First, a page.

Safe boating is no accident.
Knowing the dos and don’ts and the rules of the water can not only mean more fun on the water but can also save lives.
“People are most definitely paying more attention to safety on the water but there are a high percentage of people who do boat without their BOATsmart card (Pleasure Craft Operators License) but ever since the introduction of the card, fatalities have gone down,” said Tashonna McDougall of the BOATsmart organization which was in Penticton recently as part of a coast-to-coast tour to promote safety on the water.
“We want to minimize any risk or anything that could possibly happen and be proactive to react to any situation that you need to. With your BOATsmart card and the training you do and the material you go through to be confident and be able to react in certain situations and just be safe on the water.
“That’s what we’re ultimately looking for.”
However, she agreed there are people who still are not getting the message about safe boating and accidents continue to happen, including the most recent one Saturday night on Shuswap Lake. Sicamous RCMP, the police underwater recovery team and other agencies were called out to search for a 51-year-old Alberta man after what is believed to be a single-vessel accident.
Another man suffered what are thought to be serious injuries in the accident but was rescued by passersby on a pleasure craft and taken to hospital. The cause remains under investigation. That was the third reported accident so far this month, the other two happened on the coast.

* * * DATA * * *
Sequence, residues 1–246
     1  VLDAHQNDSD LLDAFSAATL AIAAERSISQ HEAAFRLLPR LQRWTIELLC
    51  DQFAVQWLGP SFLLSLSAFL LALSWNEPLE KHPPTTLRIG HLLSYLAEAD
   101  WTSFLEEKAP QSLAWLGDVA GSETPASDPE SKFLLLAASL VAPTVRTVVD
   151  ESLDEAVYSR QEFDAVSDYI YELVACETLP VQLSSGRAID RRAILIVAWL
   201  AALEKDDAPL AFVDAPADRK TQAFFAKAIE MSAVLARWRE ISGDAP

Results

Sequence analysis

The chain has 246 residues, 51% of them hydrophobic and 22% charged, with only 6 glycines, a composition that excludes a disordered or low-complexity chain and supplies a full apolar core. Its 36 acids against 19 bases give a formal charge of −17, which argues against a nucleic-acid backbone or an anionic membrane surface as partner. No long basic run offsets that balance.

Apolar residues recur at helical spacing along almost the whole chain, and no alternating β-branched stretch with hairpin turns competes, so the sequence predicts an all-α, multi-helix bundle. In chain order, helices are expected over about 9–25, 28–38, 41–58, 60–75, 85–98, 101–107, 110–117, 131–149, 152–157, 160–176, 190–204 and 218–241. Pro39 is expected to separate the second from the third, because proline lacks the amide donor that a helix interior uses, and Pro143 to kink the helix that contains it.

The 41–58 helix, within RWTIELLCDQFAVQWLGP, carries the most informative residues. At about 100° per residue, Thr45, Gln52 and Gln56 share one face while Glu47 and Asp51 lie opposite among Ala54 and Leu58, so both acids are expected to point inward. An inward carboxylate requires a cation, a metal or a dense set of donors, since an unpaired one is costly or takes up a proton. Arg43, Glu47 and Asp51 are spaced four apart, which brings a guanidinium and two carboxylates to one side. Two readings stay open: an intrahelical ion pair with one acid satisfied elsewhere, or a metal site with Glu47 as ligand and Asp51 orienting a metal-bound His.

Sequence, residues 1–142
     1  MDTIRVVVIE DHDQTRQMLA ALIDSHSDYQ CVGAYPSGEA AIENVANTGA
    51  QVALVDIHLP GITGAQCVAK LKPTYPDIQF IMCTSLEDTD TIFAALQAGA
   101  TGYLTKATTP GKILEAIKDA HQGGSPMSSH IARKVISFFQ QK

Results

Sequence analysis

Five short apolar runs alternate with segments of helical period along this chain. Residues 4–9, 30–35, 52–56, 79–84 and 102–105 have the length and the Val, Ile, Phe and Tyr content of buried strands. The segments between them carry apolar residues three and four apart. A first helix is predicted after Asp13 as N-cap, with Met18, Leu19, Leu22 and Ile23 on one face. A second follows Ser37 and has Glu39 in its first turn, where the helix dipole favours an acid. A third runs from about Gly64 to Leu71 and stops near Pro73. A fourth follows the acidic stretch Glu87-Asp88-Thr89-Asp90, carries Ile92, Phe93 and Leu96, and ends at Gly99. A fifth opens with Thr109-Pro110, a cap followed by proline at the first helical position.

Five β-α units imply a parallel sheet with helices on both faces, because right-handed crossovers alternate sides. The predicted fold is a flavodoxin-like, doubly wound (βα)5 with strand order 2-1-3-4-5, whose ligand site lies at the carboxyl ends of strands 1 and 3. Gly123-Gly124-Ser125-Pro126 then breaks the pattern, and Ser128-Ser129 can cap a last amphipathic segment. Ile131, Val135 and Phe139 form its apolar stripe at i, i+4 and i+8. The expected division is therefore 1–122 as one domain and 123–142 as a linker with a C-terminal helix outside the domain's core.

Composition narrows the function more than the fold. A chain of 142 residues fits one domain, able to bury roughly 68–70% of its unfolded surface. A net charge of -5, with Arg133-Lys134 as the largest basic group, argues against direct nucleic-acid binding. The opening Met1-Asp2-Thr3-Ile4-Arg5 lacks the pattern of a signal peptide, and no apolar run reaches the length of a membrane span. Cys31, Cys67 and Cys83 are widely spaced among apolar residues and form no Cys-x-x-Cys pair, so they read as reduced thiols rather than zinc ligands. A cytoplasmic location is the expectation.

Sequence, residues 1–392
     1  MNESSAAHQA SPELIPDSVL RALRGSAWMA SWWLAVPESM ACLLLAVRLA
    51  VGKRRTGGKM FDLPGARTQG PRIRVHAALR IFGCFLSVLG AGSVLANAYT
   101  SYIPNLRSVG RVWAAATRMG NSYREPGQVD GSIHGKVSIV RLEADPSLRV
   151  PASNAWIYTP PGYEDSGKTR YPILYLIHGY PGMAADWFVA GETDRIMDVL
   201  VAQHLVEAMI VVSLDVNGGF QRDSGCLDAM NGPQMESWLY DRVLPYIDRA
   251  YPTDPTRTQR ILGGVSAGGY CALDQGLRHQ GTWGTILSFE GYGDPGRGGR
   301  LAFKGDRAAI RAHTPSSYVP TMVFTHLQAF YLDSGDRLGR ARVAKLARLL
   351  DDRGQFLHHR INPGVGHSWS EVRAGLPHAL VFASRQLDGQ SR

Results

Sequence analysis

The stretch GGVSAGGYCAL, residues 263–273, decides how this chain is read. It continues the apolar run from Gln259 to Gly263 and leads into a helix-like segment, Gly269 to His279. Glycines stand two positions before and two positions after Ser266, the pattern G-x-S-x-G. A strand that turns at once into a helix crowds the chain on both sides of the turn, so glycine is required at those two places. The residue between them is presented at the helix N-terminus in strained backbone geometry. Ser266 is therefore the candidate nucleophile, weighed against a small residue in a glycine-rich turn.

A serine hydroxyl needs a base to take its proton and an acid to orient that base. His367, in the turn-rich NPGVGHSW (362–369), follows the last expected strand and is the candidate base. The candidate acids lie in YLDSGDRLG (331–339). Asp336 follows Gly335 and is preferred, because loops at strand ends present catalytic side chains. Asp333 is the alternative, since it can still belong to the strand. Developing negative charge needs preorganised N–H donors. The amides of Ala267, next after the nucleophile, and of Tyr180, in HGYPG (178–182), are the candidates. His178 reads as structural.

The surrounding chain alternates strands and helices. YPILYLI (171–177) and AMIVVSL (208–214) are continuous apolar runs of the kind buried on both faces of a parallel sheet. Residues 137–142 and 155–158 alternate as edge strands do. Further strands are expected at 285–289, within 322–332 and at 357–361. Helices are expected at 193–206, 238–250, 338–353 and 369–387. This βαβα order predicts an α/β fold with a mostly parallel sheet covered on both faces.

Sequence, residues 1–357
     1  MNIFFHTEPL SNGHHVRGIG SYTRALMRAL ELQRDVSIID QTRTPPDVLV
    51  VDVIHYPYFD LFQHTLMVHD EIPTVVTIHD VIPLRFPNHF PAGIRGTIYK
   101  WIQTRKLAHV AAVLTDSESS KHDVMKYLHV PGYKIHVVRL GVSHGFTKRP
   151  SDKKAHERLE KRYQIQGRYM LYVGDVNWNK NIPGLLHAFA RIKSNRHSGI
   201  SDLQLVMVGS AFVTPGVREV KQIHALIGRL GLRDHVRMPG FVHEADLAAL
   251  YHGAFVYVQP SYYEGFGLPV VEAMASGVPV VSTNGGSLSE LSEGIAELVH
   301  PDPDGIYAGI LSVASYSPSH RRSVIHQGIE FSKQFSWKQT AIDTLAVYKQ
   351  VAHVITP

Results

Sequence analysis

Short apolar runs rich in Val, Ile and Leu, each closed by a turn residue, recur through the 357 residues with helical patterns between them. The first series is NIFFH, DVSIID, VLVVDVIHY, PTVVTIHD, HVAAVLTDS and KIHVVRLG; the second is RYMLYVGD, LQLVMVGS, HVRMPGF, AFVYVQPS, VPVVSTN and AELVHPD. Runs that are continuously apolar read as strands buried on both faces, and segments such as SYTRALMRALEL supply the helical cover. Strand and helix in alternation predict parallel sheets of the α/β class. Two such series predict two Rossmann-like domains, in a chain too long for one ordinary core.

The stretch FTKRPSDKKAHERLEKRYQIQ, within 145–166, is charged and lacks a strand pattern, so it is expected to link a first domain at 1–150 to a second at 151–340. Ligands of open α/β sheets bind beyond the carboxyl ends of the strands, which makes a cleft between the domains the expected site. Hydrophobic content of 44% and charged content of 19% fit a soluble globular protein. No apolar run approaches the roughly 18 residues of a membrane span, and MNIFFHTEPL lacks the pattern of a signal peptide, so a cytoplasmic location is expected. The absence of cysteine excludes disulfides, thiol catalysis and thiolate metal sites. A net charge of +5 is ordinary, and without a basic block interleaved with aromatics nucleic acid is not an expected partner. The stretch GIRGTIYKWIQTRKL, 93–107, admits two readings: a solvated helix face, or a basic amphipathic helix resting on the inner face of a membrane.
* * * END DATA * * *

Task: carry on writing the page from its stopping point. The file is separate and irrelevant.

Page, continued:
There was also a fatal accident in June on Okanagan Lake when a 14-year-old Vernon boy died from injuries he received when he was struck by the propeller of the vessel which had been towing him on an inflatable and was returning to pick him up after he fell off.
According to statistics, there are an average of 120 fatalities on the water every year in Canada and thousands more injuries, many of which go unreported.
Drinking and boating is estimated to be responsible for 40 per cent of those fatalities although that was not the case in the June death.
“Bring water on the boat and leave the alcohol on land. There is no place for alcohol on a boat,” said McDougall. “Also, the effects of drinking alcohol are are also maximized four times on a boat because you are out there in the hot sun.”
The pleasure craft operators’ license is required by law (except for those renting who receive a safety review) and anyone caught without one is liable to a $250 fine. As part of the celebration of its 10th anniversary of helping those on the water stay safe, BOATsmart, which is Transport Canada accredited to provide the exam to get the card, is conducting a fundraiser For each person who posts a water moment photo on Instagram, Facebook or Twitter, the organization will donate a dollar to help send disadvantaged kids to camp.
“Our minimum goal is $10,000 and we’re really challenging the everybody in Penticton to share their moments because you’re surrounded by two gorgeous lakes and there must be lots of photos,” said McDougall.
For more information go to boatsmartexam/moments.